“In that way, children are taught within their own faith perspective, and the government is accommodating the desire of parents and students to have a place for teaching about the Bible and religion within the public-school context that tramples no one’s constitutional rights — believers or nonbelievers.”
Released-time education enables students to receive religious instruction during the school day at a church building or other site off the public school campus. About 250,000 students in the United States attend released-time courses, according to estimates by released-time organizations.
Further information about released-time resources can be found on the Internet at the National Bible Association’s www.releasedtime.org website and the Bible Education in School Time Network’s www.mediassoc.com/bestnet/index.htm website.
In its 1995 guidelines on religious expression in public schools, the federal Department of Education said of released-time courses: “Subject to applicable state laws, schools have the discretion to dismiss students to off-premises religious instruction, provided that schools do not encourage or discourage participation or penalize those who do not attend.”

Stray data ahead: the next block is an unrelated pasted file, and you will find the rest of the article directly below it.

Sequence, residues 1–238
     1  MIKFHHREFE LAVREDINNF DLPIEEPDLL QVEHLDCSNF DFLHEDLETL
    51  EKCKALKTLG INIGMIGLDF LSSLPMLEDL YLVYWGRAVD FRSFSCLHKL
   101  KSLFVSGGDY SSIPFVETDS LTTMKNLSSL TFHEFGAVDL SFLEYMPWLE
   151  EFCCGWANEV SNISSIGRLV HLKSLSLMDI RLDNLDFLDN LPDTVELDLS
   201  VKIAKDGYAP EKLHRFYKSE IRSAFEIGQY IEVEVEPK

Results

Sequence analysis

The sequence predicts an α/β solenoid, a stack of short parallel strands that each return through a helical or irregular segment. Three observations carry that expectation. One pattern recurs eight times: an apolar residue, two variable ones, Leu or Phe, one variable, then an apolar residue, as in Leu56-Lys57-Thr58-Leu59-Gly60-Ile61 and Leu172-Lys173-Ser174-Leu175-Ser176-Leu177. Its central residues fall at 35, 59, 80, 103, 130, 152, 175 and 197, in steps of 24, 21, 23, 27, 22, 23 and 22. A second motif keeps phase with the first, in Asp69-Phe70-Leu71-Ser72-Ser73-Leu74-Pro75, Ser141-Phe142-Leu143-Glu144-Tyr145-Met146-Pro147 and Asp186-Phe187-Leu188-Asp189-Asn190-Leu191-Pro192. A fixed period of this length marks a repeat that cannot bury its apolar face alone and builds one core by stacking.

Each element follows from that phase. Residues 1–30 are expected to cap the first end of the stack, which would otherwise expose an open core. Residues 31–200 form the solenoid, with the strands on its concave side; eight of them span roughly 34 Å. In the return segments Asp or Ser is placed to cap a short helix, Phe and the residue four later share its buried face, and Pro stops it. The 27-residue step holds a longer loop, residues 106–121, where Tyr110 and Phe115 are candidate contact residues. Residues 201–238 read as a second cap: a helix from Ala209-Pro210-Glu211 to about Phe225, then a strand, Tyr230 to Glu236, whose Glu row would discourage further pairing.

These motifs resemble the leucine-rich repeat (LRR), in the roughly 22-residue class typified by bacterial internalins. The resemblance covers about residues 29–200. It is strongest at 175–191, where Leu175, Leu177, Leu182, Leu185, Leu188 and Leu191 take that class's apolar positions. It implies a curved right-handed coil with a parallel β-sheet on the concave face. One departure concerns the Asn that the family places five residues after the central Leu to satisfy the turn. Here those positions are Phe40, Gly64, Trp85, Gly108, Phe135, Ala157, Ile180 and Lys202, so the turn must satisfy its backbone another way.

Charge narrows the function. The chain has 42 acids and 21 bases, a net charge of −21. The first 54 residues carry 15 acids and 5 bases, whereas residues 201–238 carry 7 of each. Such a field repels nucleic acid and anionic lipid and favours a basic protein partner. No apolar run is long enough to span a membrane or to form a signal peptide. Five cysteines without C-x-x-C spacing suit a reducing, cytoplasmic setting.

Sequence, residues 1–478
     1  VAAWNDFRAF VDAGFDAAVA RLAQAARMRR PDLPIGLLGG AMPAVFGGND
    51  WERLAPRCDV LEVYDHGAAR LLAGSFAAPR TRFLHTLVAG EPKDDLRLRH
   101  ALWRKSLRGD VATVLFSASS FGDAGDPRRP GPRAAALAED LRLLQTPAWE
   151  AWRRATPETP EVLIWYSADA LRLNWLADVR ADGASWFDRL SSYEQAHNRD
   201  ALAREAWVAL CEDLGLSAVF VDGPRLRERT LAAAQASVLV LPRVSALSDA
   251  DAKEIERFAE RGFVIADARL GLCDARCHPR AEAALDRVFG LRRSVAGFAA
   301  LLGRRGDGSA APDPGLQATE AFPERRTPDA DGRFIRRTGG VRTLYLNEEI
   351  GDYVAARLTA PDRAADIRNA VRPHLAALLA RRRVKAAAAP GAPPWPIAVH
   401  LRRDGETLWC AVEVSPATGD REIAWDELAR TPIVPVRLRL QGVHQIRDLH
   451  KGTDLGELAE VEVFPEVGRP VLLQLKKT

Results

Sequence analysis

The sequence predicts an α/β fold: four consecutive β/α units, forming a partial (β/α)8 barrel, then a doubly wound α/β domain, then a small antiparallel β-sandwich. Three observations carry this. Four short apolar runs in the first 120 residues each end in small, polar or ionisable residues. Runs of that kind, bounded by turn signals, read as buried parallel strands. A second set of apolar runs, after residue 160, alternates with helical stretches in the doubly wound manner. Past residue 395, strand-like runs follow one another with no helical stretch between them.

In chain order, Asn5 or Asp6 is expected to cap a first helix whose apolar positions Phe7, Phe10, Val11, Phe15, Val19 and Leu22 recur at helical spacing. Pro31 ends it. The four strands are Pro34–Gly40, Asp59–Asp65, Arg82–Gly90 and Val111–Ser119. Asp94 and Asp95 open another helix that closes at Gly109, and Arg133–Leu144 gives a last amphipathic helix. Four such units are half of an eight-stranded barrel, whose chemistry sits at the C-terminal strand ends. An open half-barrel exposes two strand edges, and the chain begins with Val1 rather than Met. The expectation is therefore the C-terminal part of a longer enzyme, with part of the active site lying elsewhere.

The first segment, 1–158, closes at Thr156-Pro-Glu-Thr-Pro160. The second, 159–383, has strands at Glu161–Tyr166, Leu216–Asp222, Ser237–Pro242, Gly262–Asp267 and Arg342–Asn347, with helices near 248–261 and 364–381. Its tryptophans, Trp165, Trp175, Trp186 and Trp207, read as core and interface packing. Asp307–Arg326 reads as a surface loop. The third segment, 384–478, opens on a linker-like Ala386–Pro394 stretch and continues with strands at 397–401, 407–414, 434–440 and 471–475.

Organizations endorsing last year’s guidelines on teaching the Bible in public schools included PFAW, the Baptist Joint Committee on Public Affairs, National Council of Churches, National Education Association, American Jewish Committee and Council on Islamic Education. While most of the supporters of the guidelines advocate strict separation between church and state, the Christian Legal Society and National Association of Evangelicals, both which reflect a more accommodationist view, also endorsed them.
The Florida action followed a failure in the Georgia legislature to approve Bible history courses in that state’s public schools. A bill permitting such classes died in a committee of the Georgia House of Representatives, with supporters saying that result was preferable to an alternative measure proposed by opponents. The substitute would have prevented teaching the Bible as error-free and would have prohibited instruction on the miracles recorded in it.